Unlike burgers, the American public is not in agreement on the topic of ghosts. A 2013 Harris poll reported that 42% of Americans believed in some sort of paranormal presence. Regardless of your previous paranormal predilection, a visit to Earnestine and Hazel will change you. It is a persuasive apparition essay in the form of a bar.
E&H is ghost tourism famous. “We get all sorts of people in here looking for ghosts,” Brownlee told us, “all them shows and tours.” It’s true. Peruse the World Wide Web and you’ll see video investigations and stories from places like “Paranormal Incorporated” and “HauntedHouses.com.”
Earlier this year, Brownlee even penned her own essay about supernatural experiences she’s had at the bar. Many revolve around the jukebox, like, say playing James Brown’s “I Feel Good” out of nowhere on the day he died. But she also tells the heartbreaking story of sitting at the bar crying on the day her 24-year-old son was shot and killed in 2007. I’ll let her tell the rest here:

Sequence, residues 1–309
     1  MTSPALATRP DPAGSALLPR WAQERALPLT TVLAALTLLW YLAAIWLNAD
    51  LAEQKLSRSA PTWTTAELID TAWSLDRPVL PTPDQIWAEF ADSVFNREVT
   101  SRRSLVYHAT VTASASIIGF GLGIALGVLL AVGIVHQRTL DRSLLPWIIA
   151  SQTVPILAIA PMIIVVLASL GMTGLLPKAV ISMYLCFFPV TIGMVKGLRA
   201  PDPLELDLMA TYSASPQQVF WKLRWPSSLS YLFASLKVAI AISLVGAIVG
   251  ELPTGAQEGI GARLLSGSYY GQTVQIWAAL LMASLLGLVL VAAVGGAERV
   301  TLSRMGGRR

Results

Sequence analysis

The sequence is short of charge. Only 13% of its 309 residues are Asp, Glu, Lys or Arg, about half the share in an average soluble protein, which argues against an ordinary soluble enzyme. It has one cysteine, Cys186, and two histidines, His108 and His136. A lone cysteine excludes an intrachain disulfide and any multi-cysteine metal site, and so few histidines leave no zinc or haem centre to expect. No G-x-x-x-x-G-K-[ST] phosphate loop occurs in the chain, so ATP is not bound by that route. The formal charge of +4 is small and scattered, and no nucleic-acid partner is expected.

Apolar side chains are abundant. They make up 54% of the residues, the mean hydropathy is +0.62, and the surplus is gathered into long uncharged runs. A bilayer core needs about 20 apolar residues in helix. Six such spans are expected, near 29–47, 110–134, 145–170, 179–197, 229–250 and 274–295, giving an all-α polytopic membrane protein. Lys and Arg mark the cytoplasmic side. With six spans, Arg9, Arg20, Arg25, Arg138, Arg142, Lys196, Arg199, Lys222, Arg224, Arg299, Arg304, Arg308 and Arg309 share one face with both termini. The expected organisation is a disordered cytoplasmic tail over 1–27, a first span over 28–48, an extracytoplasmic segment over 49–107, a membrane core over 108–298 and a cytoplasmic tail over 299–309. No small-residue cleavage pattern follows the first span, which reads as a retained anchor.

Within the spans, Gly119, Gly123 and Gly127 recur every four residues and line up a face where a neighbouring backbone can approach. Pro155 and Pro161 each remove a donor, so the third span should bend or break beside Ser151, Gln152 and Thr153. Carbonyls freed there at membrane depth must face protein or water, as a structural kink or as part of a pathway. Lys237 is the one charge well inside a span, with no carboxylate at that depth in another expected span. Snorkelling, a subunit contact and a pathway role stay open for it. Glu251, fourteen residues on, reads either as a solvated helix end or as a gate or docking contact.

“It used to be when I got freaked out in here that I would just start talking to Earnestine. I know that sounds crazy, but sometimes you’re in here by yourself, and it can get a little creepy. I said, Earnestine, please give me a sign that my kid’s alright. Out of nowhere, this little baby bird came walking up to me right over from one of the booths. I looked down, and the little bird walked over to an iron gate, where the door was open, and it flew off. That was my sign that my kid was OK, when I started talking to Earnestine and the bird appeared and flew off. It was weird, man. And just then, this little lady came in that I’d never seen before in my life. She walked in and said “Hey lady, are you OK?” I don’t know where she came from, never saw her again, but I started talking to her a little bit about everything. And you know, that lady left my bar and she came back about an hour later, and she had bought me a sterling silver necklace with a bird on it. I don’t know what her name was or anything. She gave me that necklace and a big old hug and left. I never saw her again.”
In this story, what (or who) is the ghost? Is it Earnestine, heeding Karen’s cries and sending a signal? Is it the bird, who stands in for her son? Or is it the woman who appeared out of nowhere, gave her a bird necklace and a hug, and was never seen again?